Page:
There is general recognition of the benefits of prevention – and it is now codified in the Social Services and Well-being (Wales) Act – but very little has been done at the scale that will be necessary to see meaningful impact.


There is a need for flexibility at the local level, provided through additional funding, to enable local authorities and partners to make the scale of changes necessary, with a focus on transformation of preventative services rather than a fund that maintains the existing provision of services. This includes a need to consider:

·         Integrated primary and community based teams

·         Strong community services linked with social care provision

·         Examining how our nursing and residential home residents can be cared for in a fundamentally different way.

·         Carving out space and time for people to do the work



2.        The issue of some anomalies in spend between local authorities. The figures referred to in Committee were that Monmouth have increased their expenditure by 105 per cent and Wrexham have cut their expenditure by 30 per cent.


Following consultation with the local authorities referred to in Committee it appears that the data that was referenced is misleading because there have been changes to the Welsh Government forms that collect the data.


The data used to calculate the 30 per cent reduction in Children Looked After Services expenditure for Wrexham was taken from the Line 10 total from the social services out-turn return for each year from 2011-12 to 2016-17.  However, the Line 10 total is an area where there have been some classification changes in the services included.  It is this that distorts the data time series and so does not reflect the true picture.


The total Children’s and Families Services expenditure for Wrexham (Line 26 of the social services out-turn forms) actually increased by 24.74% between 2011-12 and 2016-17.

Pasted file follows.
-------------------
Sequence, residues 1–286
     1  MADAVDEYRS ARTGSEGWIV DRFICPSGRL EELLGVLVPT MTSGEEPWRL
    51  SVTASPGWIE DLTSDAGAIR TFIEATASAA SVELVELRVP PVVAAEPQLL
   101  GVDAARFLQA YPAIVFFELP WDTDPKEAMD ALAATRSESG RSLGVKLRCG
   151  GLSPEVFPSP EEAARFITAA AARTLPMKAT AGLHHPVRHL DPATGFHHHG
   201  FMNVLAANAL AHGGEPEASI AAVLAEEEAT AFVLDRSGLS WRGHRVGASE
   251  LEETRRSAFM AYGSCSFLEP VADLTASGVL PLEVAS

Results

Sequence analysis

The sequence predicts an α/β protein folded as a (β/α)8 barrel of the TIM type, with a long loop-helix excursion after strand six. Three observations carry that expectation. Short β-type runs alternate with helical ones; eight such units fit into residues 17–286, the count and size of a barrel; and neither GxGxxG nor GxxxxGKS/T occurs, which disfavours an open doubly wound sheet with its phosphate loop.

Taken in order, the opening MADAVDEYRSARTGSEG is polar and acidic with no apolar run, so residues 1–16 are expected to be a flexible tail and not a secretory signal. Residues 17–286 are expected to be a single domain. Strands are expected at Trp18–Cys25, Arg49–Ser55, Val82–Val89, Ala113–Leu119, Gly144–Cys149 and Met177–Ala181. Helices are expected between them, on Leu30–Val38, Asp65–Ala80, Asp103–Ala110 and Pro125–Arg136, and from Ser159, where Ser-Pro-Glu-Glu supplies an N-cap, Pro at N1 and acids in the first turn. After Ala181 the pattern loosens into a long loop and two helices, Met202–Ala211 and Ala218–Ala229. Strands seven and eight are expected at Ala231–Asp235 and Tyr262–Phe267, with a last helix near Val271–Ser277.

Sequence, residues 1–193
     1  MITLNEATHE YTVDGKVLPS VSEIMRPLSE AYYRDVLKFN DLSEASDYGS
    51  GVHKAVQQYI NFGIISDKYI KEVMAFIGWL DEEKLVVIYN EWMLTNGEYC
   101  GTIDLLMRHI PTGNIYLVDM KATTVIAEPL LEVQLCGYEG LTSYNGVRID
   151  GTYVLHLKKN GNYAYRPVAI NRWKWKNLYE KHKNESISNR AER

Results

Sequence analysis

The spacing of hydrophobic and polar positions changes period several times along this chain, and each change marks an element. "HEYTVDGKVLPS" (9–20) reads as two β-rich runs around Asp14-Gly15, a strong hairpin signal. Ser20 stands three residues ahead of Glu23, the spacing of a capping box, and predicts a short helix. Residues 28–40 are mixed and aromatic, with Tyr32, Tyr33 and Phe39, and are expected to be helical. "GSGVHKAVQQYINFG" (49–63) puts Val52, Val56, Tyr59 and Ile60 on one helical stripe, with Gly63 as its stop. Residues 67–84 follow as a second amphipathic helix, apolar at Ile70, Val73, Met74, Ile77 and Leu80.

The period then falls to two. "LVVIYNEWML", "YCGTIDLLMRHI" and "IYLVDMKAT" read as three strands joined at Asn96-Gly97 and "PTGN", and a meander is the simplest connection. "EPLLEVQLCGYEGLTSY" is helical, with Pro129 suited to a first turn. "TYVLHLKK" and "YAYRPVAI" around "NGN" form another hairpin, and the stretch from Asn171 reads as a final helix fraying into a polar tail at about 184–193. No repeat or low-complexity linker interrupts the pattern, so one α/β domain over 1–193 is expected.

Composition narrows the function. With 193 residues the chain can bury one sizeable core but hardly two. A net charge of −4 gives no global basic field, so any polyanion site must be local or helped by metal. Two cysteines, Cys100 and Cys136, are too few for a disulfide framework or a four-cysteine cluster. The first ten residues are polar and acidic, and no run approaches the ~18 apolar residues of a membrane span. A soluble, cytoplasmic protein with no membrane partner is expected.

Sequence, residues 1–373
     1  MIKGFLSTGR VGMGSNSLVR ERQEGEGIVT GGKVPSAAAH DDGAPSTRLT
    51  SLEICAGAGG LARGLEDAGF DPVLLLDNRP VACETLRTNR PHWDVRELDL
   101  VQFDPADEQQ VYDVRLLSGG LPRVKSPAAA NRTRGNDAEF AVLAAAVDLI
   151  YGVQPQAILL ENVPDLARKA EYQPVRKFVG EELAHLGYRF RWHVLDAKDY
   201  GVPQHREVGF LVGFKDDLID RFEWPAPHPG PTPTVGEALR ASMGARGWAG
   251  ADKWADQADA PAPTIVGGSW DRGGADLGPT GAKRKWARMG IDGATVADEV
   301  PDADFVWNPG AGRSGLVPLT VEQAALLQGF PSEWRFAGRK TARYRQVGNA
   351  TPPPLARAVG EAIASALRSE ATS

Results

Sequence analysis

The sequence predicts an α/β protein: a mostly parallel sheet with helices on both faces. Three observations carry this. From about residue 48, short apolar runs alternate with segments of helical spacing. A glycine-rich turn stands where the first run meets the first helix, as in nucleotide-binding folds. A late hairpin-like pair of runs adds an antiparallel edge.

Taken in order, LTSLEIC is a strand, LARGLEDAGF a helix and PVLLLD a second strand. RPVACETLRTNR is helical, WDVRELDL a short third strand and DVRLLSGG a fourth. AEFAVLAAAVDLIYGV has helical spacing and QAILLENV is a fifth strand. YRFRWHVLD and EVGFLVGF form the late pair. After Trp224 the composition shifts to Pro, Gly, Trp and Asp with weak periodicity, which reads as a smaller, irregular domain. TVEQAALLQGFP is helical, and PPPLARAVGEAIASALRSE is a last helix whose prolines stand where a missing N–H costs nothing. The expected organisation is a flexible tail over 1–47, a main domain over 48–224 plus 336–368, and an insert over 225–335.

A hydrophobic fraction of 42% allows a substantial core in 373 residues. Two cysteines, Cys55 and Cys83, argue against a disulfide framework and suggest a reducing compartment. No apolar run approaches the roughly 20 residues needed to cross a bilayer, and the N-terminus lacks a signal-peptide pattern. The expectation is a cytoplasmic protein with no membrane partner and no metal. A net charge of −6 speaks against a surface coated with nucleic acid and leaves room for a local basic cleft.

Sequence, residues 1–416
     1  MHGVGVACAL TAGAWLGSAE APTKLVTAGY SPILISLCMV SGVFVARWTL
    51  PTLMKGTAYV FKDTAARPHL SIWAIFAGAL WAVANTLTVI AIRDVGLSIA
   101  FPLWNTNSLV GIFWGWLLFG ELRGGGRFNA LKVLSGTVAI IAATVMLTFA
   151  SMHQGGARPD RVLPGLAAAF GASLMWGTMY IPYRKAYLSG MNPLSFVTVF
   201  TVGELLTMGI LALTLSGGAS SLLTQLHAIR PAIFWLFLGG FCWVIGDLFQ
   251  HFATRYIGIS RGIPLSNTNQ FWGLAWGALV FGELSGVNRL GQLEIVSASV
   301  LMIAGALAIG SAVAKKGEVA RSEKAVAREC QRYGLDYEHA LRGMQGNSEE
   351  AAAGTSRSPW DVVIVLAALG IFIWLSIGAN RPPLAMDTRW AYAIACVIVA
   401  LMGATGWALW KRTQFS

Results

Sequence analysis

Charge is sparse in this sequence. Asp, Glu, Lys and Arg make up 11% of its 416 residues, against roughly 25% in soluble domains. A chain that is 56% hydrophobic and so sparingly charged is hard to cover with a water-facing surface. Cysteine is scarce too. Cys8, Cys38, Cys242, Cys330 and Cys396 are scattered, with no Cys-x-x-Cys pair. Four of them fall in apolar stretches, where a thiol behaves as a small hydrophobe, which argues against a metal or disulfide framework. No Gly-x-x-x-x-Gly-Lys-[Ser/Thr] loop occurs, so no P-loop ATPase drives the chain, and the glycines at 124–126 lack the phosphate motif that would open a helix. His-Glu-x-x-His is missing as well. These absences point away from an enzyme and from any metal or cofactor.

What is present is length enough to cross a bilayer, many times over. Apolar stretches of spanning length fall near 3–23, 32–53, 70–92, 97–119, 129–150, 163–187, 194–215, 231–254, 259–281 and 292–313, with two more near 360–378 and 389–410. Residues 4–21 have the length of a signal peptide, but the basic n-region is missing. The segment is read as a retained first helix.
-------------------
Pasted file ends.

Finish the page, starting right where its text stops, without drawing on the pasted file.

3.         Is there any evidence that the pupil development grant is being well spent in delivering outcomes for the children?


The WLGA has previously submitted evidence to the Children, Young People and Education Committee’s inquiry on targeted funding to improve educational outcomes. The full submission can be found here


The WLGA fully supports the policy intentions behind the PDG in the current economic climate and the purpose of the grant as it recognises the adverse impact that poverty and deprivation having on educational outcomes.


Whilst the WLGA itself does not hold or collect information about individual pupil or school experiences of the PDG all 22 authorities have been consulted for their views and experiences. There is no doubt that schools value the additional resources provided by the PDG in the current financial climate of continuing austerity, but it is far more difficult to assess fully and effectively the impact of the funding. Assessing the impact of targeted resources is more problematic as it is difficult to establish a causal relationship between any educational intervention and outcomes. The WLGA has therefore always advocated a whole system approach and a holistic strategy to addressing the impact of poverty on attainment. Such strategies need to be part of a whole authority approach to school improvement and raising standards and a fully integrated part of service delivery and financial planning.